How effective is removing admin rights as a mitigation strategy?
According to the BeyondTrust Microsoft Vulnerabilities Report, 2015-2020 findings indicated that as many as 75% of Critical vulnerabilities could have been mitigated by removing admin rights. Based off those trends, and an understanding of the Windows Microsoft landscape, the 2022 edition of the report estimates the removal of admin rights and the enforcement of least privilege to be pivotal to the ongoing management of Windows vulnerabilities and the overall reduction of the attack surface.
As cybersecurity expert Sami Laiho, Senior Technical Fellow, MVP, shared in the 2022 edition of the report, he has observed that his customers experience 75% fewer service desk tickets and 65% less reinstallations of computers after removing admin rights.
As the data suggests, if information and security teams actually remove admin privileges, the risk to their environments will drastically decrease. They will also be more likely to meet compliance initiatives, cyber insurance requirements, and remain consistent with zero trust principles. Patching is not always possible, or desirable. This is why the removal of admin rights is considered to be such a crucial step in the Windows risk reduction strategy.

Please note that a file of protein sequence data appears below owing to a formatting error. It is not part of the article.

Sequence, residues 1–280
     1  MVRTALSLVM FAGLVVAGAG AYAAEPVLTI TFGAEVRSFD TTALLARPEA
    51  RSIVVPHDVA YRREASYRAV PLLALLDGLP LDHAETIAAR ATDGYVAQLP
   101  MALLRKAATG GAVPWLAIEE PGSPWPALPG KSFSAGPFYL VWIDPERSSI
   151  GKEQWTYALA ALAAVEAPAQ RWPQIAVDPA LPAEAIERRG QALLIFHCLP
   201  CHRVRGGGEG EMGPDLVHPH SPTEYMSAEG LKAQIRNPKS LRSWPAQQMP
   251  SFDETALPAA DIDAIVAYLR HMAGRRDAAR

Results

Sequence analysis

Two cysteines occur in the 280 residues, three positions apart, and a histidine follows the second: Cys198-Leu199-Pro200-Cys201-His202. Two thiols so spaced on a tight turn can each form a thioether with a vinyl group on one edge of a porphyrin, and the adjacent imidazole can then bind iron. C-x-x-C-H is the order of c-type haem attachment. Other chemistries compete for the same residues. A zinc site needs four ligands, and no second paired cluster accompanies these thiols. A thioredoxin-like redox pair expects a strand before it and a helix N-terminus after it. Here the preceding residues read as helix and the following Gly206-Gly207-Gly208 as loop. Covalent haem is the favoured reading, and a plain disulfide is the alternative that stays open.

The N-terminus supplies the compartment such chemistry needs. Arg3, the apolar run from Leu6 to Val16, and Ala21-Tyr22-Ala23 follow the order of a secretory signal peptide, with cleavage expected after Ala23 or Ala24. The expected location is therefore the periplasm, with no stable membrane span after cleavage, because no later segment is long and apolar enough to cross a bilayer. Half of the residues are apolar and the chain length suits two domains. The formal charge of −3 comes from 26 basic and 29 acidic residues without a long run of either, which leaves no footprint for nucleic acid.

Microsoft Windows today – has the threat pattern continued?
In the past, Microsoft Windows has allowed their Windows security concerns to lag behind those of their operating systems. However, Windows security has matured significantly in recent years to better address some of these issues. According to data compiled by the BeyondTrust Microsoft Vulnerabilities 2022 report:
- The number of vulnerabilities across Windows operating systems dropped to 507 (from 907 in 2020).
- Windows vulnerabilities decreased by 40% YoY
- Windows server vulnerabilities decreased by 41% YoY
- Windows Critical vulnerabilities decreased by 50% YoY
That Critical Windows vulnerabilities have halved over the past five years reflects Windows Microsoft’s continued investment in building a more secure operating system. The overall vulnerability picture, however, remains mixed as the reasons for the vulnerability reductions remains slightly elusive. The decrease could be a result of:
- Better security and coding practices
- The end of life for products like Windows 7
- The shift of services to the cloud
- Or, most likely, a combination of all three.
While most of the Microsoft Windows vulnerabilities for 2021 have indicated the high risks of on-premises technology, the fact that most organizations are shifting to the cloud represents a notable potential alteration to the threat pattern. A shift to the cloud could potentially improve an organization’s security by providing a more efficient way to mitigate risks and removing the burden of remediation from the IT security team. This does not mean cloud vulnerabilities do not exist, but rather they are being remediated by the SaaS provider.